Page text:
Perhaps the most notorious figure of the 20th century, Adolf Hitler was the leader of the German Nazi (National Socialist German Workers') party and eventually became dictator over all of Germany. Shortly after assuming the title of German führer, or leader, in 1934, Hitler moved to consolidate his rule by controlling the German people through carefully orchestrated propaganda campaigns. He abolished freedom of speech and freedom of assembly, and began a systematic program of persecutions climaxed by the murder of millions of Jews, Gypsies, and political opponents.
Repudiating the conditions of the Versailles treaty that ended World War I, Hitler sought to expand the German empire. Beginning with the remilitarization of the Rhineland in 1936, Hitler made bold military moves, and cunningly manipulated European leaders into accepting his advances. On September 1, 1939, determined to eventually conquer all of Europe and the Soviet Union, he ordered the invasion of Poland, thereby setting off World War II.
For the first two years of the war, Hitler's dream of domination of Europe seemed within his grasp. As the Allies began to rebound in 1943, however, Hitler became more desperate in his decision-making. His reign of terror came to an end in April 1945. With Soviet troops bearing down on Berlin, and American forces routing what remained of the German army in the surrounding areas, Hitler committed suicide in his underground bunker.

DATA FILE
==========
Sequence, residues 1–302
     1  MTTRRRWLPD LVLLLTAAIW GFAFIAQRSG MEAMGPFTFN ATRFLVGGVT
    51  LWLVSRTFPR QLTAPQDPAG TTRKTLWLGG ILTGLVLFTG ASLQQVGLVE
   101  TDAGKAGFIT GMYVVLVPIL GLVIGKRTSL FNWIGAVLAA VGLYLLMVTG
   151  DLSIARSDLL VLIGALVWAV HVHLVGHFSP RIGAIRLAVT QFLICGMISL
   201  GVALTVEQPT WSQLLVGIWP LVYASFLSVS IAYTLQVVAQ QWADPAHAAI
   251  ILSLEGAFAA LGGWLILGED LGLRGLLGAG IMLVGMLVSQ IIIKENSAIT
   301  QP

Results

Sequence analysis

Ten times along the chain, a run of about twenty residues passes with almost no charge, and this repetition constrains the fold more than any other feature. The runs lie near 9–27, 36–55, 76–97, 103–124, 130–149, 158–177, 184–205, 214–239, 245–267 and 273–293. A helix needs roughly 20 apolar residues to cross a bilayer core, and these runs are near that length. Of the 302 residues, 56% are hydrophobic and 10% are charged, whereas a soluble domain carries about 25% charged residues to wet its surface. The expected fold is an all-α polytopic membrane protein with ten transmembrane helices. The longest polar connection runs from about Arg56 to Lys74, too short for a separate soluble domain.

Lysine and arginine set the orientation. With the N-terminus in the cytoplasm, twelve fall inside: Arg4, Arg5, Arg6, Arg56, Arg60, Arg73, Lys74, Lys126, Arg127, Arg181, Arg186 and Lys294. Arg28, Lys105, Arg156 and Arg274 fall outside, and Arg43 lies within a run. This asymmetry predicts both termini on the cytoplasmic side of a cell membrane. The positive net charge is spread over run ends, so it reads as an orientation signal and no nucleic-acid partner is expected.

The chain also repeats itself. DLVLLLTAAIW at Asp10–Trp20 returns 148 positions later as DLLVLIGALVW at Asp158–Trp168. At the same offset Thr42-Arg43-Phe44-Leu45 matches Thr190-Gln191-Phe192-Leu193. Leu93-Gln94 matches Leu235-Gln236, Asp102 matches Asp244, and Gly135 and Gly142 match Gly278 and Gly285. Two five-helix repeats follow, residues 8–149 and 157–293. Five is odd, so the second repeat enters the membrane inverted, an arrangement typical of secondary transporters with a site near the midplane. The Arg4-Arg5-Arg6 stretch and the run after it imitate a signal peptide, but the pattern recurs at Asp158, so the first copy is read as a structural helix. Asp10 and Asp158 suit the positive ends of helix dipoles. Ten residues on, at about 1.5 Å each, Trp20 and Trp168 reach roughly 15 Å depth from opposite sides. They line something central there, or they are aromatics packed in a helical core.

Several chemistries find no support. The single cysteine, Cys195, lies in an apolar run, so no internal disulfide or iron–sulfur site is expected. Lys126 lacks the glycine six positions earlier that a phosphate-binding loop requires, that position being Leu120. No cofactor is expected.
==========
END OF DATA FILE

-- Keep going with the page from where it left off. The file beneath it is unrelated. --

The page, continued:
For more on Adolf Hitler, visit the website of another AMERICAN EXPERIENCE program, America and the Holocaust.
Joseph Goebbels, the second most powerful man in Nazi Germany, was the mastermind behind Adolf Hitler's success.
In 1960, Francis Gary Powers' U-2 spy plane was shot down over the Soviet Union.
Winner, 2010 Peabody Award --- The 1968 My Lai massacre, its subsequent cover-up, and the soldiers who broke ranks to bring the atrocity to light.
After notorious revolutionary leader Pancho Villa's raid on Columbus, New Mexico, General John Pershing and his 150,000 man cavalry set out to get Villa.
On June 6, 1944, Allied troops invaded Normandy, fighting to free Europe from Nazi occupation and end World War II.
The story of a Vietnamese mother, the Amerasian daughter she sent away for adoption, and their reunion 22 years after the Vietnam War.
A look at five real-life "Rosies," the reality of working in defense plants during World War II and then having to give up those jobs for returning GIs.
In the early 1830s, Texas, ruled by Mexico, held 20,000 U.S. settlers and 4,000 Mexican Tejanos, forcing residents to pick sides.